Research and awareness around SCI have improved over the years. There has been a drop in fatal cases since 2010, showcasing the impact of early intervention and the veterinary community's growing understanding of the illness.
SCI first emerged among dogs who had been walking in the Sandringham estate in Norfolk. More cases then began to surface in other woodland areas, particularly in East Anglia, Nottinghamshire, and Lincolnshire. Commonly reported hotspots in the UK have included (although these locations can vary over time):
- Sherwood Forest in Nottinghamshire
- Thetford Forest on the border between Norfolk and Suffolk
- The New Forest in Hampshire
- Cannock Chase in Staffordshire
- Clumber Park in Nottinghamshire
- Sandringham Estate in Norfolk
It's important to note that while these areas have had reports of SCI, this illness is still rare. If you plan to walk your dog in these or other woodland areas, just be vigilant and watch for any symptoms. Check with your local vet practice or animal health organisation for the most current information.
Any studies around SCI in dogs?
One study published in 2012 highlighted incidents between 2009 to 2011 where dogs became seriously ill or died after woodland walks, especially in Norfolk and Nottinghamshire, due to SCI. In one case, two Yorkshire terriers from Bolton experienced severe harvest mite infestations after a long walk in Delamere Forest, Cheshire, followed by one of the dogs succumbing to SCI. The study suggests that the severe infestations and exposure to mite saliva could potentially trigger SCI.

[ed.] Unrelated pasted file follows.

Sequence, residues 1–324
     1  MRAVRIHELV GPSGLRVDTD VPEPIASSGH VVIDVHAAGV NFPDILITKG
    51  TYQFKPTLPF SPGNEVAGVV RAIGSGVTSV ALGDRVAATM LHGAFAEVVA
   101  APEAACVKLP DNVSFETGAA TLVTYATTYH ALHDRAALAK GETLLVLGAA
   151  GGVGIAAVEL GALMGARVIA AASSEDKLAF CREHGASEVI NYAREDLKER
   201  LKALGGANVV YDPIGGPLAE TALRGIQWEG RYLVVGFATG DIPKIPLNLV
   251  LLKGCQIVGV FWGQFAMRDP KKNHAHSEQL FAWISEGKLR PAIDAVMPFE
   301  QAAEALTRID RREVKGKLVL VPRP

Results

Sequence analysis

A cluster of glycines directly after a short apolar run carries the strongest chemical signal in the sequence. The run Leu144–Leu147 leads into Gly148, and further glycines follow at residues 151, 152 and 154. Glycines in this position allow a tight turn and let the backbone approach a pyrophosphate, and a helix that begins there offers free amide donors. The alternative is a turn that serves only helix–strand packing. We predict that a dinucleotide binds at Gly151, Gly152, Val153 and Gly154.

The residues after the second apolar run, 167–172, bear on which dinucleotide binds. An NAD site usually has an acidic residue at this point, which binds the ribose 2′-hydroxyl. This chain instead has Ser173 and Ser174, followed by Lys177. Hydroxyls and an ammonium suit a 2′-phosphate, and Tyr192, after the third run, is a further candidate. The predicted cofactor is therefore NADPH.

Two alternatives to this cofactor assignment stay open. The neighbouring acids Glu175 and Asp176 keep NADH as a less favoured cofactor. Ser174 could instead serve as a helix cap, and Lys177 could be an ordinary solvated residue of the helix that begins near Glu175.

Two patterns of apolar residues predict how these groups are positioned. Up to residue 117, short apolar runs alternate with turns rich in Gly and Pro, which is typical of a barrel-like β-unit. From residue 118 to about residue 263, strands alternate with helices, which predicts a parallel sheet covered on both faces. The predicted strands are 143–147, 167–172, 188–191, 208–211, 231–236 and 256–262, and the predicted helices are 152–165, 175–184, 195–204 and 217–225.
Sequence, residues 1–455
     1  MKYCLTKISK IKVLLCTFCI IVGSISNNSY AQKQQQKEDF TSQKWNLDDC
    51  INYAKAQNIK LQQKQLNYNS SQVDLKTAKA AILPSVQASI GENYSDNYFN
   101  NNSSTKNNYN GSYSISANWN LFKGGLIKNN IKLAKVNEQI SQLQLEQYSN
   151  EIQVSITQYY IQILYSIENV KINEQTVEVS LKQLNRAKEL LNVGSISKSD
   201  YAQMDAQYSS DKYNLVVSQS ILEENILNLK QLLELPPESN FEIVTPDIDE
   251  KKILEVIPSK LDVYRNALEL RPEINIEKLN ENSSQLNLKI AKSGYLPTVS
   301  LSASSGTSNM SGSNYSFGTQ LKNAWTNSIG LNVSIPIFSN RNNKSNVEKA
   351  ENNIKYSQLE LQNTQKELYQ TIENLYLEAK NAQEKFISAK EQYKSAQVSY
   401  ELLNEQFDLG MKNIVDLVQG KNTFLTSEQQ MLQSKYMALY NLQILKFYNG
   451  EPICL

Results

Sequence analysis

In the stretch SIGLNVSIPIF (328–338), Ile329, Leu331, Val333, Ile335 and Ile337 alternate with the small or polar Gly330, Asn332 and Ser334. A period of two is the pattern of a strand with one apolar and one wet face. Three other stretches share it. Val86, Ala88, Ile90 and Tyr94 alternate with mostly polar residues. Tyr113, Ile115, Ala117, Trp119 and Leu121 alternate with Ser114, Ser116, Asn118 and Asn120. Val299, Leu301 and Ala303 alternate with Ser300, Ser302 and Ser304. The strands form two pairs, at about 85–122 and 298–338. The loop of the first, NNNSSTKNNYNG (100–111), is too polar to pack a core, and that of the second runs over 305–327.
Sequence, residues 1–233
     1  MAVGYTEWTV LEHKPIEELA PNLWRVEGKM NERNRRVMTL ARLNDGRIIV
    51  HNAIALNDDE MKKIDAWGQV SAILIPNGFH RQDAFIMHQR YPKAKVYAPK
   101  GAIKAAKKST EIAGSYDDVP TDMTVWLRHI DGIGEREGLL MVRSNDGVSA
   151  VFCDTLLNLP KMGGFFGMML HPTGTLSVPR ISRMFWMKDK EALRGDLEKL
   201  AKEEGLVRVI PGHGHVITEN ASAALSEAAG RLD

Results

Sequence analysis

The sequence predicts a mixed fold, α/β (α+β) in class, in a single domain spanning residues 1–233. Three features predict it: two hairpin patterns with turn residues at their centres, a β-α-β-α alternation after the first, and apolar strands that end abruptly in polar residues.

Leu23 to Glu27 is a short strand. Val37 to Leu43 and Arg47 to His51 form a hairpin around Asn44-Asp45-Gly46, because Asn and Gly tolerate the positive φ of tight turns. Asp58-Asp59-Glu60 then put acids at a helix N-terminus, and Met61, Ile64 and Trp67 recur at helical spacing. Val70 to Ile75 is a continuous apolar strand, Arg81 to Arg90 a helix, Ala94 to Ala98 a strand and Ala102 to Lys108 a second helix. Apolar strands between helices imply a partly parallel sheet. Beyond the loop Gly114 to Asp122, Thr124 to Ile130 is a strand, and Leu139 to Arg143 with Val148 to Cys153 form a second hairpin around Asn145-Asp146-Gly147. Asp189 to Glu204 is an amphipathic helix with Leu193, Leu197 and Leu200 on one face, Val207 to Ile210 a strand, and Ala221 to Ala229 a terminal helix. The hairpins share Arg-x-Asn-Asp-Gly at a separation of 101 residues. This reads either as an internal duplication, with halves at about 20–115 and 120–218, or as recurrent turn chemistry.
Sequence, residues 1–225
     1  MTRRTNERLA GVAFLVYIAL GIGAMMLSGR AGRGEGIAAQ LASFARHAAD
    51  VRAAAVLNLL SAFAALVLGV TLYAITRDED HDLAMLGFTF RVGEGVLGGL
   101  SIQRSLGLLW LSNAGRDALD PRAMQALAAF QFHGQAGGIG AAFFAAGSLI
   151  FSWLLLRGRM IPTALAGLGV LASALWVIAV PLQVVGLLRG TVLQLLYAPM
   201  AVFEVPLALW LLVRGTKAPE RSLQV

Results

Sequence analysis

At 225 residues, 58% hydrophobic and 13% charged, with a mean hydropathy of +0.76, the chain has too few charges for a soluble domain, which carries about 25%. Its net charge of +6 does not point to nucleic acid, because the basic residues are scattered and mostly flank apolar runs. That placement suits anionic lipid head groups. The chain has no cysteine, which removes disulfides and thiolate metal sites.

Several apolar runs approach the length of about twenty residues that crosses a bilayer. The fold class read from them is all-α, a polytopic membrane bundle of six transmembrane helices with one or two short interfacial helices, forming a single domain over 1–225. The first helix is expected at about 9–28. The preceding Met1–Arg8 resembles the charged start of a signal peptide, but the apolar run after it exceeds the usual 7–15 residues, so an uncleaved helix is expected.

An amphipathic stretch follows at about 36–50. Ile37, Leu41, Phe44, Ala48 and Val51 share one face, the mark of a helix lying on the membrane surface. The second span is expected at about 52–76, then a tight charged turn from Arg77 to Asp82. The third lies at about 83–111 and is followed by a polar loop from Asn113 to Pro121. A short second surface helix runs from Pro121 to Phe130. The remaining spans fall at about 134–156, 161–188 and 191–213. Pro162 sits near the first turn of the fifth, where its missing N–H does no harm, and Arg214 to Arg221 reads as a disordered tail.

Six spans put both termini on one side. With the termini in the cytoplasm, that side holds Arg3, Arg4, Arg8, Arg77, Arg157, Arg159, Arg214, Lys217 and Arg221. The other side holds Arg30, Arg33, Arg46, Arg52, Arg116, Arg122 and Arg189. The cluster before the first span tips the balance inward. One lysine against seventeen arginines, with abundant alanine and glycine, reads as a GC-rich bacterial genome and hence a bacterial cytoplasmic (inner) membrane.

The now defunct Animal Health Trust documented over 300 cases of SCI, including 16 fatalities. It also said many more instances may have gone unreported.
Another study published in 2013 explored a potential link between mushroom poisoning and SCI. The report noted similar symptoms between the two conditions — such as vomiting, diarrhoea, and lethargy — especially after dogs had visited woodland areas in autumn. The study raised the possibility that some cases thought to be SCI might actually be mushroom poisoning. But it concluded there's no clear evidence yet linking mushroom toxicosis to the cluster of SCI cases.